The 10 Minute Silent Treatment How-to-Guide
I spent this summer living as an ordained buddhist monk at the Kunnathi temple in Thailand. The experienced served both as a ‘digital detox’, but also a rite-of-passage to buddhism. Coming home I’ve found the experience provided me with balance in mind, something I am grateful for having and strict in maintaining. This post is a review of some of the benefits I’ve experienced from meditation, and quick guide for you to get started. As always please do reach out if I can help or advice in any way.
Every morning, the last 60 consecutive days, I have meditated for a minimum of 10 minutes, and I have no plans of ever stopping. Why? Because since I started meditation has greatly helped me in:
● Managing mental tension, anxiety, stress, and anger.
● Enhancing my state of being to make me proactively aware of those around me.
● Greatly increasing my sleeping quality.
This simple 10 minute routine provides me with a sensation of control and serenity that I’ve never felt before. Whatever happens today I am in control, not because I can predict it, but because I am prepared for it.
For the record, prior to meditation I was not a stressed out person who had trouble being aware of people around me. On the contrary for people who know me, I’d probably be described as the exact opposite. The essence of my problem is straight forward, I think too much. My brain would lead me to over-think, over-analyze and over-react eventually leading me to manifest problems that were never there to begin with. And I am not alone out there. The average human mind processes around 50.000–70.000 thoughts a day. That’s roughly 30 thoughts a minute, or one thought every two seconds.
Welcome to the zoo of your mind
Before meditation I was a slave to the restlessness of my own mind, and would often fall victim to the shenanigans of the monkey brain. Even with the introduction to meditation my monkey brain would make me drift away (since focusing on your breath is probably one of the least interesting things one can do). But I realized a simple trick to turn the motivation around.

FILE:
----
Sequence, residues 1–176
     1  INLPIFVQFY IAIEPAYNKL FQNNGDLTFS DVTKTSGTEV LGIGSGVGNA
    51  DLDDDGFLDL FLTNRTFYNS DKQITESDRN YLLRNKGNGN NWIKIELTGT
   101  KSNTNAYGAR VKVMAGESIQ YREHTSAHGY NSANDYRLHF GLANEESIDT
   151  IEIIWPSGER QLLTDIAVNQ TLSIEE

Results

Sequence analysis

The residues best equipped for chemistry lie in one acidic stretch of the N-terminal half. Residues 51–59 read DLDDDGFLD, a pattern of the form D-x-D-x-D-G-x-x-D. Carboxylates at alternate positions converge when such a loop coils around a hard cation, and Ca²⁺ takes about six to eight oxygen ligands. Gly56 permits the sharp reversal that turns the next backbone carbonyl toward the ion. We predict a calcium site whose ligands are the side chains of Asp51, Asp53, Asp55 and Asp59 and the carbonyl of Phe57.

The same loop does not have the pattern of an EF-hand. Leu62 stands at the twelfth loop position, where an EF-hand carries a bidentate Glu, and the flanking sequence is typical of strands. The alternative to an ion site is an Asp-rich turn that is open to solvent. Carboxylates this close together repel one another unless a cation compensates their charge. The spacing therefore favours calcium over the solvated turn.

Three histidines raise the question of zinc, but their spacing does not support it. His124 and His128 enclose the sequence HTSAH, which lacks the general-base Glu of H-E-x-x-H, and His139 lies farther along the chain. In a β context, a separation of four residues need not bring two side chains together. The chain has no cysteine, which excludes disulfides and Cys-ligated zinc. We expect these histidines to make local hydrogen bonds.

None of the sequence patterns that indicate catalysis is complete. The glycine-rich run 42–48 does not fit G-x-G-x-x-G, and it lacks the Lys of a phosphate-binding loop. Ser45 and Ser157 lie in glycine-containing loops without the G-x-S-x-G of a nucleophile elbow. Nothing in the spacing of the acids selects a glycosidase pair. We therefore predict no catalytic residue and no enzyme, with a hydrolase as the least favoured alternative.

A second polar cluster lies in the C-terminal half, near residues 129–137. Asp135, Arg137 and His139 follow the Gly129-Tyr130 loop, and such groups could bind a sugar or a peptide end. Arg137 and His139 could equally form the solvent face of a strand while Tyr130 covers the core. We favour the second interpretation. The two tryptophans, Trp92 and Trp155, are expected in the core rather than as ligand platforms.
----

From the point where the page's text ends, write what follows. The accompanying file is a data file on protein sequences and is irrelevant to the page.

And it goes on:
The brain is a muscle — Train it like a muscle
Meditation is a mental workout, and should follow the principles of exercise; it should be challenging, enjoyable and be formed as a habit. In contrast to physical exercise, meditation can be trained at any conscious point in time.
Where to begin:
Start small, it’s about finding the limitations to your focus. I’ve found 10 minutes to be around my sweet spot, but if you are completely green I’d advice starting with one minute and timing it. It might sound short, but you can always increase the time. Also, you’ll realize two things: that it’s hard to actually find the time to do it — and once you do it, one minute is long when all you do is thinking about your breathing. Like any workout, it’s hard to start, but remember slow progress is better than no progress.
Remember the form:
Get comfortable, either straight backed on a chair or in the lotus position (legs crossed) on the floor. Prior starting the session hands should be rested on the knees, and eyes resting on the floor just before your knees. Upon starting, take one deep breath while moving the left hand palm up to the center of your stomach. Take a second breath moving the right hand palm up, on top resting on the left hand. Place both thumbs so they are touching one another and close your eyes shut. Look at the top headline picture for inspiration, and yes, my teachers form is much better than mine.
Where to put your head:
My teacher, Phra-a-jarn Sak, had a nifty trick. A single conscious breath is a moment of meditation. There is two steps to it. Think of your abdomen as a balloon; when you inhale, visualize your stomach expand as your abdomen being filled with air; when you exhale, visualize how it deflates till your last breath. Odd at start, but I’ve found this routine to put my mind and breath in sync.
The workout plan:
I use Insight Timer to keep my routine in check, the application also lets you meditate with others which is fun. Also I have played around with Headspace which is great for guided meditation. Now just like there are varieties of exercise there are several kinds of meditation styles, in my next post I’ll shed some light on which ones I feel work best for me. Until then, give meditation a shot — you have nothing to lose, but everything to gain!
Alexander Avanth is a ordained Buddhist monk from the Kunnathi Temple in Thailand and holds an academic background in neuroscience and business innovation. He works daily as a Future Education Specialist at Dare Disrupt mapping how the development of exponential technology impacts the way we live and learn. In addition he is chairman and co-founder of Hold Danmark a startup that strives to bring awareness on the consequences of technology and digital addiction in the 21st century.
The viewpoints expressed in this article are his alone.